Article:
Structure of a High-affinity “Mimotope” Peptide Bound to HIV-1-neutralizing Antibody b12 Explains its Inability to Elicit gp120 Cross-reactive Antibodies

Department of Immunology, The Scripps Research Institute, 10550 North Torrey Pines Road, La Jolla, CA 92037, USA.
Journal of Molecular Biology (Impact Factor: 3.96). 07/2007; 369(3):696-709. DOI: 10.1016/j.jmb.2007.01.060
Source: PubMed

ABSTRACT The human antibody b12 recognizes a discontinuous epitope on gp120 and is one of the rare monoclonal antibodies that neutralize a broad range of primary human immunodeficiency virus type 1 (HIV-1) isolates. We previously reported the isolation of B2.1, a dimeric peptide that binds with high specificity to b12 and competes with gp120 for b12 antibody binding. Here, we show that the affinity of B2.1 was improved 60-fold over its synthetic-peptide counterpart by fusing it to the N terminus of a soluble protein. This affinity, which is within an order of magnitude of that of gp120, probably more closely reflects the affinity of the phage-borne peptide. The crystal structure of a complex between Fab of b12 and B2.1 was determined at 1.8 A resolution. The structural data allowed the differentiation of residues that form critical contacts with b12 from those required for maintenance of the antigenic structure of the peptide, and revealed that three contiguous residues mediate B2.1's critical contacts with b12. This single region of critical contact between the B2.1 peptide and the b12 paratope is unlikely to mimic the discontinuous key binding residues involved in the full b12 epitope for gp120, as previously identified by alanine scanning substitutions on the gp120 surface. These structural observations are supported by experiments that demonstrate that B2.1 is an ineffective immunogenic mimic of the b12 epitope on gp120. Indeed, an extensive series of immunizations with B2.1 in various forms failed to produce gp120 cross-reactive sera. The functional and structural data presented here, however, suggest that the mechanism by which b12 recognizes the two antigens is very different. Here, we present the first crystal structure of peptide bound to an antibody that was originally raised against a discontinuous protein epitope. Our results highlight the challenge of producing immunogens that mimic discontinuous protein epitopes, and the necessity of combining complementary experimental approaches in analyzing the antigenic and immunogenic properties of putative molecular mimics.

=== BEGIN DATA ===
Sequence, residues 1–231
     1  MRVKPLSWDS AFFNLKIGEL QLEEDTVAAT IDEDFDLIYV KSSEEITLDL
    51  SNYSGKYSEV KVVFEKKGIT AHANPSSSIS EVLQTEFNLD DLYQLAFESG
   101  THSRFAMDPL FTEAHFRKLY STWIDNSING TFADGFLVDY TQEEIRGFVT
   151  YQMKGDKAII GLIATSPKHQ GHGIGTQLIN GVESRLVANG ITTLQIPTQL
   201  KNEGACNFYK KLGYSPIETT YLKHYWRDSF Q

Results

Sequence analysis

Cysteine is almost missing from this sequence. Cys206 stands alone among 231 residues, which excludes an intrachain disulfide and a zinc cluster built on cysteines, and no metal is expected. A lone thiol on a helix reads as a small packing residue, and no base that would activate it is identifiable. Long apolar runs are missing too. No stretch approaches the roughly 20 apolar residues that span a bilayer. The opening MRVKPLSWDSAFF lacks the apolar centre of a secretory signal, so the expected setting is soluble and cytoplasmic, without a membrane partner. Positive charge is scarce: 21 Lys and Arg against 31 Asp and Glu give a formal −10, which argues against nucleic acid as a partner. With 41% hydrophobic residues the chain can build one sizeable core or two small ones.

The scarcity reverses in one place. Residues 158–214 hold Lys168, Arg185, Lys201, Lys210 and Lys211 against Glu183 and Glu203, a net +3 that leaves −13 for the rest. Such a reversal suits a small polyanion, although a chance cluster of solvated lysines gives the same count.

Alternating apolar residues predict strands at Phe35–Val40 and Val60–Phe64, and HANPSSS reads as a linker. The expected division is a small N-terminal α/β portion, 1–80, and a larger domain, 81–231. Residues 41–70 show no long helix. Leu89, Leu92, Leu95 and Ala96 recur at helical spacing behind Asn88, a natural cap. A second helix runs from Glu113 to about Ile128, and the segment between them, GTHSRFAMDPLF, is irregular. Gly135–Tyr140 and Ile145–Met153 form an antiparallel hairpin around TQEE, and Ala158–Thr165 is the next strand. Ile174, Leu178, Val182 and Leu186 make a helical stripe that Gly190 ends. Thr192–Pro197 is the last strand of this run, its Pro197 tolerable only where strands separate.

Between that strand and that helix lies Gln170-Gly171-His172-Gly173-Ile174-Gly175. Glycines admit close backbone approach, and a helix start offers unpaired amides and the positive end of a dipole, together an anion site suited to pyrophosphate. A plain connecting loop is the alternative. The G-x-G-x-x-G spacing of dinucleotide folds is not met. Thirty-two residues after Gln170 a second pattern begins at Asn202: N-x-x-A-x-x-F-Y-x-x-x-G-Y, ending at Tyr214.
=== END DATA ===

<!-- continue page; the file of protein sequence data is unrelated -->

Download full-text


Available from: Ralph A Pantophlet, Jun 29, 2015
  • Source
    [Show abstract] [Hide abstract]
    ABSTRACT: Elucidating the network of interactions established by Interleukin-2 is a key step to understanding its role as a master regulator of the immune system. Binding of this cytokine by specific antibodies gives rise to different classes of immune complexes that boost or inhibit immune responses. The molecular bases of such functional dichotomy are likely related to the nature of the recognized epitopes, making it necessary to perform fine epitope mapping studies. The current work was aimed at developing a versatile platform to do so. This was accomplished by display of human and mouse Interleukin-2 on filamentous phages, together with extensive mutagenesis of both antigens and high throughput screening of binding properties of more than 200 variants. Detailed molecular pictures of the epitopes were thus delineated for four antibodies against either human or mouse Interleukin-2, which refined and, in some cases, modified the conclusions derived from previous mapping studies with peptide libraries. Overlapping surface patches on mouse Interleukin-2 that also coincide with the predicted interface between the cytokine and its receptor alpha chain were shown to be recognized by two monoclonal antibodies that promote enhancement of immune responses, shedding new light on the structural bases of their biological activity. Our strategy was powerful enough to reveal multiple binding details and could be used to map the epitopes recognized by other antibodies and to explore additional interactions involving Interleukin-2 and related cytokines, thus contributing to our understanding of the complex structure-function relationships within the immune system.